October 30, 2023
– Posted in: Jewelry Blog
Every piece of antique or vintage jewelry narrates a story engraved in precious metals and gemstones. Authenticating antique jewelry increases your appreciation of the craftsmanship of bygone eras, while also helping you make a well-informed purchase.
Anybody can authenticate antique and vintage jewelry without expert equipment or extensive knowledge, it’s simply a matter of learning how. If you’re interested, then continue reading, as we will teach you how to identify the origins and assess the value of antique rings, earrings, necklaces, and designer pieces.
- How to Authenticate Antique Rings
- How to Authenticate Antique Earrings
- How to Authenticate Antique Necklaces
- How to Authenticate Designer and Signed Jewelry
- The Difference Between Vintage and Antique
- Talk to a Diamond Expert
How to Authenticate Antique Rings
Hallmarks on the band can indicate the metal content, country of origin, or the ring maker.
- The maker’s mark depicts the unique symbol or initials of the craftsman.
- The assay mark indicates the entity that certified the metal’s purity.
- The metal and fineness stamp indicates the type and purity of the precious metal. For example, the stamp ‘925’ signifies 92.5% pure sterling silver. Gold-stamped with ‘375’, ‘585’, ‘750’, ‘916’, ‘990’, or ‘999’, represents purity in parts per thousand. Older rings tend to have higher weight and purity.
- Roman numerals indicate the year of provenance.
- Commemorative and personal messages can indicate age.
- Import and export marks trace the country of origin and date.
Faking hallmarks is possible. If a mark becomes too worn to read, then it is advisable to seek the opinion of an expert.
2. Design Style
Each antique style hails from an era a century or more ago. Here’s a rundown of the historical design periods:
- The Georgian Period (1714-1837) features natural motifs, seed pearls, intricate metalwork, and semi-precious gemstones.
- The Victorian Romantic Period (1837-1888) features vines, snakes, semi-precious gems, and plastic ivory, turquoise, and coral.
- The mid-Victorian Grand Period (1861-1800) features vulcanite and jet rings with sunbursts, stars, and flowers.
- The Late Victorian Aesthetic Period (1880-1901) features florals, filagrees, and hand engravings.
- The Art Nouveau Period (1890-1910) is known for colored metals natural motifs, and cameos set in enamel.
- Edwardian (1901-1910) rings introduced platinum bands with intricate filigree work depicting scrolls, bows, and garlands.
- Art Deco rings (1920-1940) featured geometric stone cuts accented with emeralds, sapphires, and rubies.
- The Retro Period (1940-1950) is known for“cocktail rings” and acrylic Lucite creations.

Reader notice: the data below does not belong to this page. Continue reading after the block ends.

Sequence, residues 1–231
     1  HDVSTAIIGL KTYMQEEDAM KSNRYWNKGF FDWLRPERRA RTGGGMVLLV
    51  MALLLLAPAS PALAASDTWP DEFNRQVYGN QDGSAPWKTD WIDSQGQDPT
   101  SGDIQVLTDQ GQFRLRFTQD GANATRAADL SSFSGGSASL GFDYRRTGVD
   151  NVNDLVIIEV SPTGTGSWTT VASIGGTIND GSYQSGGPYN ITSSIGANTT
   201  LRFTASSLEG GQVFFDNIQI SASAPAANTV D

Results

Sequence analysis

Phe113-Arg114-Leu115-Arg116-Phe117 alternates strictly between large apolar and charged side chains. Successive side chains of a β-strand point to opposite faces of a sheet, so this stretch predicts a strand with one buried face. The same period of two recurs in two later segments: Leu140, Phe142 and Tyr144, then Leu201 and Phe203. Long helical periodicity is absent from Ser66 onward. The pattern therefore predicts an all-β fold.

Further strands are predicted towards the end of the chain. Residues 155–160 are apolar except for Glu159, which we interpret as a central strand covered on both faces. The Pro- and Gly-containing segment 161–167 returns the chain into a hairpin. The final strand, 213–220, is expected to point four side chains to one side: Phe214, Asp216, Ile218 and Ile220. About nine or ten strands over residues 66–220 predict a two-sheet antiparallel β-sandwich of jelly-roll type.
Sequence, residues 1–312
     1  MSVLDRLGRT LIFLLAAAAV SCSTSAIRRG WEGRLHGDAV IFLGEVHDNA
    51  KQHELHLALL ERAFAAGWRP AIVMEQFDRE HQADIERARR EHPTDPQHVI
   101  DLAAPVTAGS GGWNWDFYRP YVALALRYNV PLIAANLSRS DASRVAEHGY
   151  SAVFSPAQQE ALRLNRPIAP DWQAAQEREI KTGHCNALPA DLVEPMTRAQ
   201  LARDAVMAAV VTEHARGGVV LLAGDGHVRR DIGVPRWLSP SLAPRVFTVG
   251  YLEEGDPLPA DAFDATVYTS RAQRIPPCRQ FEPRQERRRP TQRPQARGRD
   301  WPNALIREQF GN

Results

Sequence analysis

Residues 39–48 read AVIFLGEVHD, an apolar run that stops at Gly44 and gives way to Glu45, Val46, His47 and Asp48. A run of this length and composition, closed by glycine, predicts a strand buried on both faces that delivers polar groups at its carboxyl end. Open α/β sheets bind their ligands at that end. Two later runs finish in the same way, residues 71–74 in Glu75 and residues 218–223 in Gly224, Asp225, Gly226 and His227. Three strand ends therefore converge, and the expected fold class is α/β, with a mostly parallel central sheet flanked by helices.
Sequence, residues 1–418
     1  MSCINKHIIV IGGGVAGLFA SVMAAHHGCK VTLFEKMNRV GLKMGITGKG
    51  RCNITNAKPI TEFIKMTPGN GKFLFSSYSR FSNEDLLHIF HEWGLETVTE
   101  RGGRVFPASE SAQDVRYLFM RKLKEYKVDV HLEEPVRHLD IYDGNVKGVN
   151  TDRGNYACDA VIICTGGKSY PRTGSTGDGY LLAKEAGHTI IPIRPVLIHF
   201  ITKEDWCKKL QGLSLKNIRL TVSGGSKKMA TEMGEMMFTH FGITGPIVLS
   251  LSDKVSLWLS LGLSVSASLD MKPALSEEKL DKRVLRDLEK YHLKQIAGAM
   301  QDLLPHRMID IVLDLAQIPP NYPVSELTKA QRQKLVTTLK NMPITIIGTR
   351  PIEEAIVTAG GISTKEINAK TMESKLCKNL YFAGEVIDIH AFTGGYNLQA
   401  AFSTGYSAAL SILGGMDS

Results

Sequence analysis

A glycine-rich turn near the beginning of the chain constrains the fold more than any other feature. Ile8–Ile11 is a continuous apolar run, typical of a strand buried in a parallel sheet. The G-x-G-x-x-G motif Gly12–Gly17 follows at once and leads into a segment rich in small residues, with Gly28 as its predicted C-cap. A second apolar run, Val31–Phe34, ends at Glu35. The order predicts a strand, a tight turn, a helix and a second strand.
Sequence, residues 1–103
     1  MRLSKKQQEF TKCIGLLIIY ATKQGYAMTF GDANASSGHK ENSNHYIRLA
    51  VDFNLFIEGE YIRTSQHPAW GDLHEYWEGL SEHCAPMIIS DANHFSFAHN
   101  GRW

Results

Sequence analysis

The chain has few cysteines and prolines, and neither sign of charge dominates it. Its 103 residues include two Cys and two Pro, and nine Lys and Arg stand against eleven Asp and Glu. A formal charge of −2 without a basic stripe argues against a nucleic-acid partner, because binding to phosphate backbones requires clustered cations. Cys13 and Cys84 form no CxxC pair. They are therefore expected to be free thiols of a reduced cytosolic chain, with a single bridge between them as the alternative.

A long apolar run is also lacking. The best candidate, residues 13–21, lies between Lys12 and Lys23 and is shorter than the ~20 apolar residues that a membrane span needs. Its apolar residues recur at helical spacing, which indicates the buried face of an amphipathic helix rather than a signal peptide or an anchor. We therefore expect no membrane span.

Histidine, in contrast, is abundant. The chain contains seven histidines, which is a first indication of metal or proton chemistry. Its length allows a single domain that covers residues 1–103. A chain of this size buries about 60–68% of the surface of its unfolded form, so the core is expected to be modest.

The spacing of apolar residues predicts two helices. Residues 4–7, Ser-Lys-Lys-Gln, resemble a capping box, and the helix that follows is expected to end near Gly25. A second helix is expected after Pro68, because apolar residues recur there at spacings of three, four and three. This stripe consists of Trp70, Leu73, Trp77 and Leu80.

Antique gem cuts reflect the technology and aesthetics of their time:
- The Rose Cut has a flat base with a dome-shaped crown. Three to twenty-four faceted points symbolize rose petals. Rose cuts date back to the 1500s and were popular in the Georgian and Victorian eras.
- The 18th-century Old Mine Cut is square with rounded corners, a high crown, and 58 facets.
- The 19th-century Old European Cut is a round brilliant stone with a high crown and 58 facets.
- The Briolette Cut, originating from the Victorian and Edwardian eras, features a teardrop-shaped gem with facets.
- The Cabochon cut, characteristic of the Art Nouveau era, features a smooth, rounded top that highlights opaque stones such as opal, turquoise, and moonstone.
Patina is a film that develops on metals over time as a result of oxidation. Gold develops a soft and warm patina, while the platinum patina produces a frosted look. Lab-created patinas could also exist, so they cannot solely determine age.
Antique engravings show the brilliant craftsmanship of certain eras:
- Scrollwork, creeping vines, and detailed floral patterns are Georgian, Victorian, and Art Nouveau.
- Geometric patterns and pavé diamonds are Art Deco features.
- Tiny metal beads called Milgrain are Georgian, Victorian, and Art Deco.
- Relief engravings that create a 3D-raised effect are found on rings from 1788 onwards.
- Intaglio, a hand-etched recessed effect, gained popularity from the 1500s to the 1930s.
6. Metal Type and Weight
A ring weighing more than 14 karats is likely antique because metals were abundant a hundred years ago. A ring’s metal type and weight may indicate the following:
- A 24-karat ring is pure gold.
- The more silver in a ring, the older it is likely to be.
- Platinum and rose gold were popular during the Edwardian and Art Deco eras.
- Palladium, being less dense than platinum, saw use during World War II when platinum was in short supply. Nowadays, this light metal is 30 times rarer than gold.
- Copper was used as an alloy to create Victorian-era rose gold.
- Nickel is an alloying metal in white gold, rarely used because it’s a common allergen.
7. Wear and Tear
Signs of wear and tear reveal a ring’s history:
- A scratched or scuffed band
- Chips or scratches
- A thinned or smoothed band
- Empty prongs or loose stones
- Tarnished silver, and yellow-white gold
- Worn engravings or filigrees
- Visible marks of ring resizing
Checking the provenance of an antique ring requires a bit of detective work and patience. Here are some ways to trace a ring’s history:
- Procuring the receipt or certificate of authenticity.
- Inspecting the band for maker’s marks.
- Researching the ring’s appearance and era online.
- Perusing old family photos that might show it being worn in a certain decade by a relative.
9. Gemstone Settings
Certain antique gemstone settings can indicate an older ring:
- The solitaire setting belongs to many eras but is mostly associated with the mid-century cocktail ring.
- Bezel settings engulf the gemstone in metal and are typical of Edwardian-era school rings.
- The Pave setting, (French for “paved”) is a glittering surface of tiny stones, popular in the Georgian and Art Deco eras.
- The Art Deco Channel setting is a smooth continuous line of sparkling gems.